Art gives us the chance to see life a little differently. What if it helped us to understand what it’s like to be an autistic person?
Mark Haddon’s 2003 novel, “The Curious Incident of the Dog in the Night-Time,” did exactly that. It gifted readers with the chance to jump into the head of Christopher Boone, an autistic 15-year-old who narrates the story of finding his neighbor’s murdered poodle, Wellington.
Simon Stephens’ Tony Award-winning adaptation of Haddon’s book debuted on Broadway in 2014. Colorado Springs Fine Arts Center at Colorado College’s Theatre Company will present a preview of the play Thursday. It opens Friday and runs through Oct. 20 at the FAC.
“Being able to feature what the potential world of somebody with severe autism or Asberger’s, and what that looks like, is really exciting,” said director Scott RC Levy, FAC’s producing artistic director and director of performing arts.
After the dog’s death is discovered, Christoper is accused of committing the crime. He feels compelled to set out and prove his innocence, despite never having been beyond the end of the road where he lives. He’s got factors working against him, including his deep dislike of being touched and a distrust of strangers, but the desire to clear his name and discover the truth prevails. Along the way, his detective work reveals the complicated and secret lives of his parents and neighbors.
“Christopher is not only, as an actor, an incredible challenge, but an important story that needs to get told,” said Logan Bruner, the New York City-based actor who will star in the role. “In a time with this whole vaccine causes autism argument, to play a character with a severe case (of autism) and humanize him is important.”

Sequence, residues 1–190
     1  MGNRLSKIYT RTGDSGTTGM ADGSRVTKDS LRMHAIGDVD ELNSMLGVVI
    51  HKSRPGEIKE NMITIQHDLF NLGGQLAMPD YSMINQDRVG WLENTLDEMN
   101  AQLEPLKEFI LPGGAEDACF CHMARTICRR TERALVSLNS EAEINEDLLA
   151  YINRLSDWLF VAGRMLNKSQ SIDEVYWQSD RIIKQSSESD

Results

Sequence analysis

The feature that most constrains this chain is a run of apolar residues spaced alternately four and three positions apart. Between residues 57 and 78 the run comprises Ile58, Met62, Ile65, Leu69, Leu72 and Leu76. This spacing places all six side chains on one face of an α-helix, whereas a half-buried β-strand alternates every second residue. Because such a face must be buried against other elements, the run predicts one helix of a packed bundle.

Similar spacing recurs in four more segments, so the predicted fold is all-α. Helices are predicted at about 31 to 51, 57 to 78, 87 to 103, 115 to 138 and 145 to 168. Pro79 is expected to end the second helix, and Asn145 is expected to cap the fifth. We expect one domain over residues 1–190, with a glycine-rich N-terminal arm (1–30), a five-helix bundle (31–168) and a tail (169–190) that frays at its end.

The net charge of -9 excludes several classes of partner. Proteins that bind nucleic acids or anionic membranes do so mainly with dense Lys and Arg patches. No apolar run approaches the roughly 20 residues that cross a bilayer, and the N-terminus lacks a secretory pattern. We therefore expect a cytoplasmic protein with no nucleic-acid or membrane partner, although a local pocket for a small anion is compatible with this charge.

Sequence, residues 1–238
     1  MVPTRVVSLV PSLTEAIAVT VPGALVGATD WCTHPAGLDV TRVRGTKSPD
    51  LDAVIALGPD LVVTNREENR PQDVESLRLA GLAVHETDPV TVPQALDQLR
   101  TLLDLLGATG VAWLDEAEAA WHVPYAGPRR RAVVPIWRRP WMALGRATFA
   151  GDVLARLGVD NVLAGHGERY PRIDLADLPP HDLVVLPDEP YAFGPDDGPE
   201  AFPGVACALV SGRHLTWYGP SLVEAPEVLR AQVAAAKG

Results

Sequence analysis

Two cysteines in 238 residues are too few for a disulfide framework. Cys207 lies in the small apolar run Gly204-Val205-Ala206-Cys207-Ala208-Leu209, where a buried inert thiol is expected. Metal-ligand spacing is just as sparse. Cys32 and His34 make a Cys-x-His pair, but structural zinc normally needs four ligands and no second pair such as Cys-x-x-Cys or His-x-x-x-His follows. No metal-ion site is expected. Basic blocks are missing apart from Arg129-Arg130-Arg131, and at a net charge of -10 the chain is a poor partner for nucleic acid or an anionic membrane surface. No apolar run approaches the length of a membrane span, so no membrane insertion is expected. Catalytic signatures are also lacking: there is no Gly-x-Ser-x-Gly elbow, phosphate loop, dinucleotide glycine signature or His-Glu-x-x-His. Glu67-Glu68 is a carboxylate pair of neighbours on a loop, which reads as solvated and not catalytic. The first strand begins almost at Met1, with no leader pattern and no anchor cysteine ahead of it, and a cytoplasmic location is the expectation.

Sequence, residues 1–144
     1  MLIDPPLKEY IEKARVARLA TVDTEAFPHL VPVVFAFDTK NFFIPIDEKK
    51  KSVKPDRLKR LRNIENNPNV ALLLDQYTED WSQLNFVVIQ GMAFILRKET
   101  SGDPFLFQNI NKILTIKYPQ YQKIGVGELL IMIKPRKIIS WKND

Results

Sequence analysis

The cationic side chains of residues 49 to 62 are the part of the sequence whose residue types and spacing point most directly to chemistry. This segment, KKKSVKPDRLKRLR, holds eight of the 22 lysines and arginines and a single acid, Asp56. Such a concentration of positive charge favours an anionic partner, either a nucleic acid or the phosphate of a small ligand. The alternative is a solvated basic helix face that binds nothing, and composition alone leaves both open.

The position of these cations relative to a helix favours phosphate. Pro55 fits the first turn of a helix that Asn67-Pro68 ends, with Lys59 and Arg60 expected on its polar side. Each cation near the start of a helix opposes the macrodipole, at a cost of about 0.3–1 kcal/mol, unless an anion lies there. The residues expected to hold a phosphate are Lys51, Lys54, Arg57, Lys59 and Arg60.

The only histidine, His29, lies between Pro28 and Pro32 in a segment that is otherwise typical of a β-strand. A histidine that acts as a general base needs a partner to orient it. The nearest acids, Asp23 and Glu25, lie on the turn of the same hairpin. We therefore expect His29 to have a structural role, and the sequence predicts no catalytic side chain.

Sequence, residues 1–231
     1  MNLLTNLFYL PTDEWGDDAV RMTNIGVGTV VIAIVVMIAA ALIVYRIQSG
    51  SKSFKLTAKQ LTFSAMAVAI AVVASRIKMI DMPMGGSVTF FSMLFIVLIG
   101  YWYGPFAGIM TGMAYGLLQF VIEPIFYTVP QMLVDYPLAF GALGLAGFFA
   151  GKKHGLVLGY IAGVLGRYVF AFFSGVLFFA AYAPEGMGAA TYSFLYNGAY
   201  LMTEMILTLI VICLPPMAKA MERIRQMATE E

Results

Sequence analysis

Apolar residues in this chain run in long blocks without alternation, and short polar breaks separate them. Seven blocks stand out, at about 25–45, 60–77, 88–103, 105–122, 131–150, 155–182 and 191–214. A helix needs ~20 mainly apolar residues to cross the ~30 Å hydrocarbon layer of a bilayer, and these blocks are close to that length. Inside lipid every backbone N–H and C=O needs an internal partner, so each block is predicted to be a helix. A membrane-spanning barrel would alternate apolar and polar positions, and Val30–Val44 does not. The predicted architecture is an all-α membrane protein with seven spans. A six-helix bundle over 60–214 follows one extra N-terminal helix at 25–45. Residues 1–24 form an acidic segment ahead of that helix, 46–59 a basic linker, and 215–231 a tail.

To authentically portray autism, both Levy and Bruner, who has had roles on “The Marvelous Mrs. Maisel,” “Orange is the New Black” and “Unbreakable Kimmy Schmidt,” did their fair share of research, including books and case studies. Bruner also relied on the study notes of a friend with a psychology major, and other friends who have been on the spectrum, meaning specific behavioral and developmental problems associated with autism spectrum disorder.
“It’s that idea of taking the time to learn and do it justice, and not just play a character,” said Bruner. “It’s trying to walk a fine line between doing something realistic and something that’s theatrical. You have to find the balance in a show like this.”
JENNIFER MULSON, THE GAZETTE, 636-0270, JEN.MULSON@GAZETTE.COM